Dr Ziaur Rahman, an associate professor at Bangladesh University of Professionals, highlights another concern: losing the human touch in education. He says, "While AI can certainly aid in learning, it's essential not to lose sight of the human element. Education is not just about information absorption or calculations." He further questions, "When it comes to helping with calculations, an AI tool can be optimal, but will it be able to offer the human touch regarding writing?"
The automation of grading and feedback by AI systems is another contentious issue. While it may offer efficiencies, critics argue it can't match human educators' nuanced understanding and feedback. Even though Bangladesh currently is far from this worry, the responsibility of grading efficiently and properly lies on the shoulders of our faculties.
A question of equity
Not all students have equal access to technology, and using AI in courses could inadvertently widen the digital divide, further disadvantaging students from underprivileged backgrounds.
When talking with Md. Nafizur Rahman, he voiced his concern: "As much as I love technology and AI, I think Bangladesh is far from being able to embrace it due to the digital divide." His words highlight a shared concern among educators about the need to ensure all students have equal opportunities to benefit from integrating AI in the classroom. He also added that while AI has the potential to enhance learning experiences, the transition should be made thoughtfully, with a keen eye on equity. For Bangladesh, that might take the next 10-15 years.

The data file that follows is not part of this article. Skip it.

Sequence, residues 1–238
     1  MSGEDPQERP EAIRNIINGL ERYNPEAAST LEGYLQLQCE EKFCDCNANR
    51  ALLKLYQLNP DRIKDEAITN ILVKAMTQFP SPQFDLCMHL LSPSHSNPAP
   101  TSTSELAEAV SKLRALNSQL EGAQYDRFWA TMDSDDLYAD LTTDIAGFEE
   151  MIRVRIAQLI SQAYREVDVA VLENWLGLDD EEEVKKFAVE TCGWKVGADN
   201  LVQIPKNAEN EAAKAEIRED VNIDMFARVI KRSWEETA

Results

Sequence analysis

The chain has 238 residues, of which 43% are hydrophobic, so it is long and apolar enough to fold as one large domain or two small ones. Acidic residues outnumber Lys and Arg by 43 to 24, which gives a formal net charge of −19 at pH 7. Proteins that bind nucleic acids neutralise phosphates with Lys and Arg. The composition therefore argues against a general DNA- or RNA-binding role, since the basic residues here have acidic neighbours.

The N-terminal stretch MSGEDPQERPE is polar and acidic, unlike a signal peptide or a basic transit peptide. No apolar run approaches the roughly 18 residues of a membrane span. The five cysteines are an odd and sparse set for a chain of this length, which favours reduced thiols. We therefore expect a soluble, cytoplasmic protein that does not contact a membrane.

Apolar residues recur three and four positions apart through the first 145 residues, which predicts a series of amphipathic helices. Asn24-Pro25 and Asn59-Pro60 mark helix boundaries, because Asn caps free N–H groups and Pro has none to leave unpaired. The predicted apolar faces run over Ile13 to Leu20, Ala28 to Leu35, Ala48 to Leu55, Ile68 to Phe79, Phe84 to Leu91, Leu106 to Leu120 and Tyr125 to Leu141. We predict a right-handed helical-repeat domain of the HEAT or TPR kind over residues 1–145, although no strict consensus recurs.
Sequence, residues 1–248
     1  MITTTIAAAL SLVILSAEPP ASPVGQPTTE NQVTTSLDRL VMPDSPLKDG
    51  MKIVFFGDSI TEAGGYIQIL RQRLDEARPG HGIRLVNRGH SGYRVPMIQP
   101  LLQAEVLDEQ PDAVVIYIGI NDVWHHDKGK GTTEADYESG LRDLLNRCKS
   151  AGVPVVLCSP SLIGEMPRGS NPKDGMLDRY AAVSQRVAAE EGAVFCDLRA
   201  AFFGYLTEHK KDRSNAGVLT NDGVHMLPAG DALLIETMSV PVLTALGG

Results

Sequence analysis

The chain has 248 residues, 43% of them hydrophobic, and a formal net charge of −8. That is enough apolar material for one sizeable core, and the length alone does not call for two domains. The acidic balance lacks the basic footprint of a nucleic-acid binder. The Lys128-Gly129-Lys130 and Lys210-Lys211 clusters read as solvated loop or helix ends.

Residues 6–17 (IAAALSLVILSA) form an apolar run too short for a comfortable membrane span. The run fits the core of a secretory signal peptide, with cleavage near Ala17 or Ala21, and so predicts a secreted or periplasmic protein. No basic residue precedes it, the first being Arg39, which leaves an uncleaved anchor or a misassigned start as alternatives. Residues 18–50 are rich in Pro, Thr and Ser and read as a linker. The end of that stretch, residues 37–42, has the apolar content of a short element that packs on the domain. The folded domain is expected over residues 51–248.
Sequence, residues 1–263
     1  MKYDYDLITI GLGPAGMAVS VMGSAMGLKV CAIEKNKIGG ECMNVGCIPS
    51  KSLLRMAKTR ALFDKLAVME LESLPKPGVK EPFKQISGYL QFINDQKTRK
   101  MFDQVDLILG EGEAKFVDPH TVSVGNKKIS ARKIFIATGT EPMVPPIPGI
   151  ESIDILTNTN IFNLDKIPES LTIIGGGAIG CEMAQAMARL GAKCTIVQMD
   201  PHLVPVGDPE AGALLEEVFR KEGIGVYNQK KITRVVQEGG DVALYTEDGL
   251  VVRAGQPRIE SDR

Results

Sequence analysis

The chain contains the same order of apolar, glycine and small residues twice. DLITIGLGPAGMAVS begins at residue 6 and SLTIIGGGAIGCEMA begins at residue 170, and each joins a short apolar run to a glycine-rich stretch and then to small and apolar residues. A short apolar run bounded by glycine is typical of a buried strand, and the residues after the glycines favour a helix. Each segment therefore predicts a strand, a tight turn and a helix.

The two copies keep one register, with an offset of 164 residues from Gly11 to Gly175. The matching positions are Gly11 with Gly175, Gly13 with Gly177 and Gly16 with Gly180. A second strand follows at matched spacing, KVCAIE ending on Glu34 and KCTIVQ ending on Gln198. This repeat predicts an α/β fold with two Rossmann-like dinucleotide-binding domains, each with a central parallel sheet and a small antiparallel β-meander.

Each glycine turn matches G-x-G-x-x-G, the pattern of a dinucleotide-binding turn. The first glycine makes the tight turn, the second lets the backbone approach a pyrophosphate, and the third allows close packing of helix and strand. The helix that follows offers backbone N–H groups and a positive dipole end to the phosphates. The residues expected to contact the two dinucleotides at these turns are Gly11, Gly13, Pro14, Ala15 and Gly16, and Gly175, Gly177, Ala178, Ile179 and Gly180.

Striking a balance with AI in education
Despite these concerns, it's undeniable that AI is here to stay. As such, it's essential for universities to strike a balance, integrating AI into their courses in a way that enhances learning, supports student success, and ensures ethical standards.
To achieve this balance, universities must approach the integration of AI with an educator and student-centric lens. Instead of adopting technology for technology's sake, decisions should be guided by the question: "How does this serve our students, and can our educators handle it properly?" This involves ensuring that AI tools complement traditional teaching methods rather than replace them.
Beyond the classroom
Moreover, equipping students with AI skills and literacy is no longer a luxury but a necessity. As industries increasingly adopt AI, graduates entering the job market will be expected to have a basic understanding of AI, regardless of their field of study.
As industries increasingly adopt AI, graduates entering the job market will be expected to have a basic understanding of AI, regardless of their field of study. This understanding isn't simply about knowing how to use AI tools or about being able to code. It's about understanding the ethical implications of AI, its societal impacts, and its limitations.
Concerning this particular subject, Md. Nafizur Rahman articulated, "Our role as educators isn't just to prepare students for the job market; it's to prepare them to be ethical, thoughtful contributors. It is important to educate students that while AI can be a helpful tool in academia, they must also uphold ethical standards." Universities are uniquely positioned to foster this understanding. And educators have to be the ones to take charge of this enhancement in learning.
Navigating the AI revolution in higher education
As the debate rages on, one thing is clear: AI's role in higher education is a complex issue that requires careful consideration and discussion among educators, students, and policy-makers.
As we navigate this AI revolution, it's crucial to remember that technology should serve as a tool to enhance human potential, not replace it. With the right approach and a well-rounded sense of responsibility, AI can be a powerful ally in our quest for knowledge, innovation, and progress.